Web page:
Continuing Deflation in the "Real Economy"
Financiers have the world’s financial system in a “doom loop,” says the Bank of England. We’ve thought so ourselves. The bankers take money from the government and use it to speculate, not to lend. “Excess” reserves are at a record high as consumer credit continues to decline.
Most people find it both galling and absurd to see the bankers getting $10 million bonuses while there is 10% unemployment. Here at The Daily Reckoning, it’s just a matter of curiosity. You’d think there would be more wage competition to drive down bankers’ compensation. Why doesn’t Goldman go to an unemployment line and make an offer…
“Any of you guys want to earn a $9 million bonus?”
Surely there would be a few takers. And Goldman would save $1 million.
Of course, we’re joking. Banking is not a trade you can pick up just like that. Borrowing from the Fed at 1%…lending back to the Treasury at 4%…hey, it must take a few days of training to be able to turn around money like that.
On the other hand, there are periods when speculating for a big bank is a breeze. Over the last 7 months, for example, there was almost no way fed-financed traders could lose money. They borrowed dollars – the new carry-trade funding currency – at next to zero interest. It didn’t matter what they did with it…they could trade it for Brazilian reals…or buy stocks in Singapore…or buy gold. Almost everything went up against the dollar.
Institutional investors – such as those managing money for banks – are judged on how well they do against the benchmarks, the averages, not on how much money they make or how many losses they avoid. If their colleagues are making money, they have no choice. They have to get in the game too.
So, they’re in a “doom loop,” where they continue to bid up asset prices – even at the beginning of a depression.
Meanwhile, over in the real economy…the deflation continues. David Rosenberg:
“It is like a magic show – the US economy is somehow out of recession with both employment and consumer credit outstanding still in full-fledged contraction mode.
“In September, total consumer credit fell $14.8bln making it the eighth month in a row of debt repayment – an unprecedented string of declines. Over this period, the amount of consumer credit (not including mortgages) that has come out of the system has totaled $163bln at an annual rate (or -6.3% at an annual rate). Looking at the fact that total household debt still exceeds long-turn norms of 60% by a factor of more than two, we are still in the early stages of a secular credit contraction that could well end up seeing another $5 trillion of debt collapse. This is a highly deflationary process; it will take time; and while we are bullish on gold and commodities strictly on global supply-demand imbalances, bonds remain a very good place because deflationary episodes provide solid real yields to investors.”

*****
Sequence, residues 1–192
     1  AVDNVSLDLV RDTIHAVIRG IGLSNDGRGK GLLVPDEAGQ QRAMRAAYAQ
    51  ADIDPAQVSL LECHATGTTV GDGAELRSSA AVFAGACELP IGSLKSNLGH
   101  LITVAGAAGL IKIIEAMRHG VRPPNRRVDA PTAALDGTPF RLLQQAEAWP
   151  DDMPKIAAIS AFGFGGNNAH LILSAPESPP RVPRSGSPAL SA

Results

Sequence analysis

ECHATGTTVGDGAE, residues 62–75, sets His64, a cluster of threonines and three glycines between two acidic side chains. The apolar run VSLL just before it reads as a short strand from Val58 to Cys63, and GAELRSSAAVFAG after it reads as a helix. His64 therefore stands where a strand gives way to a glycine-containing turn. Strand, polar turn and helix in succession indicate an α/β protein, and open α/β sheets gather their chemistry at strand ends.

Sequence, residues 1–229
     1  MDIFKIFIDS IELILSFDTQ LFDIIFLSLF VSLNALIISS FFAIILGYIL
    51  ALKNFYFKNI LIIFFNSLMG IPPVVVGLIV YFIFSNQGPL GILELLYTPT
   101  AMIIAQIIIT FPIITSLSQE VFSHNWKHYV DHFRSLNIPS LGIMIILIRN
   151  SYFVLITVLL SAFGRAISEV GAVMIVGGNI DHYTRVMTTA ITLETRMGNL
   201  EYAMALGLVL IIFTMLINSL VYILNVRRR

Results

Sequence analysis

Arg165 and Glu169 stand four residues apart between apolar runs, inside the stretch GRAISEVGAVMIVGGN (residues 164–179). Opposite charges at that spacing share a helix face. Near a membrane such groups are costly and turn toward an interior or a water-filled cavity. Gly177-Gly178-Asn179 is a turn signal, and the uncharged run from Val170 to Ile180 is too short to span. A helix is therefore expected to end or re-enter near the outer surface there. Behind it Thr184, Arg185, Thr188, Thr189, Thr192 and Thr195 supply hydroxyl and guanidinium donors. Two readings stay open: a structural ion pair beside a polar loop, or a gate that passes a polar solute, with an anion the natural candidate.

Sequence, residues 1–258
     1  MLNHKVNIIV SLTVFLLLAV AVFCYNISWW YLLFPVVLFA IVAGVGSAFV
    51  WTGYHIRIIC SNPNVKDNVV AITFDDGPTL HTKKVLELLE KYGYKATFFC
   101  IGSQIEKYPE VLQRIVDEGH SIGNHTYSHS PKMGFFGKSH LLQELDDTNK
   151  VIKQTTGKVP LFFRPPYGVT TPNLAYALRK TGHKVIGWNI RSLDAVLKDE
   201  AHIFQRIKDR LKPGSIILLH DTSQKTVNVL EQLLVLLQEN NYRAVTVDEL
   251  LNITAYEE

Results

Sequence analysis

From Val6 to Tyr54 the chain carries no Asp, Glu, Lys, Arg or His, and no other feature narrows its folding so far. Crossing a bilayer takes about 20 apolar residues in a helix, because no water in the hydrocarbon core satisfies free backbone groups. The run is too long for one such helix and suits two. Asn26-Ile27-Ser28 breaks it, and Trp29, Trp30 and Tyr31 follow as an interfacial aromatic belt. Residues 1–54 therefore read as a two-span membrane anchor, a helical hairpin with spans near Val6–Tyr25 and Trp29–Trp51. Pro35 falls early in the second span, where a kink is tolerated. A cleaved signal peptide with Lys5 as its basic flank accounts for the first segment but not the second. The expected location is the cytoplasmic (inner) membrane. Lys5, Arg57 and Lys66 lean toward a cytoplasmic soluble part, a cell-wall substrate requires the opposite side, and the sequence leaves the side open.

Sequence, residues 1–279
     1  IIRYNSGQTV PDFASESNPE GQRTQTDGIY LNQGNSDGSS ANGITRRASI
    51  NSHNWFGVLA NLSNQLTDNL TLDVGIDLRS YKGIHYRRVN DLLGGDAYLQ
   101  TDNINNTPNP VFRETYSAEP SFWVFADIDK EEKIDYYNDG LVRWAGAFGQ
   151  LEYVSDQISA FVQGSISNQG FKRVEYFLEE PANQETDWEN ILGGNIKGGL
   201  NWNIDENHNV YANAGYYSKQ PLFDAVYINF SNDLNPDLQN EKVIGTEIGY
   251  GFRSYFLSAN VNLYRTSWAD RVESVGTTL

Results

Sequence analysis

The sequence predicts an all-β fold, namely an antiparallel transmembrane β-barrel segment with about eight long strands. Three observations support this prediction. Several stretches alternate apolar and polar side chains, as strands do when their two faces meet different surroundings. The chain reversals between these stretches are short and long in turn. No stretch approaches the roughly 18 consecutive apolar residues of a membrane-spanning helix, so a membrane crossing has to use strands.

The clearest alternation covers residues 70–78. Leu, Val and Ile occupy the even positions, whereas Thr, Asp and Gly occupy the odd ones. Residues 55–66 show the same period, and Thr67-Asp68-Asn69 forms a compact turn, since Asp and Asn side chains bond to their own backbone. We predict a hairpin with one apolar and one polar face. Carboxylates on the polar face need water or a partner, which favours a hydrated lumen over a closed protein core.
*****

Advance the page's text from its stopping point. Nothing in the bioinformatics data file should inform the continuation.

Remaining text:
Let’s see. We’ve tried several ways to gauge how long it will take to de-leverage the private sector (which is another way of figuring how long this depression will last). At 6% a year – assuming private sector has about 2 times as much debt as it should have – it will take about 7 years to get down to a more comfortable level?
Did we do the math right? Well, who knows? But every time we do it, we come up with about the same answer – 7 to 10 years, more or less.
But it’s not that simple. Because as the private sector de-leverages the feds try to prevent it…while they leverage up the public sector. This is bound to stretch the whole thing out…and bound to lead to some serious bust-ups.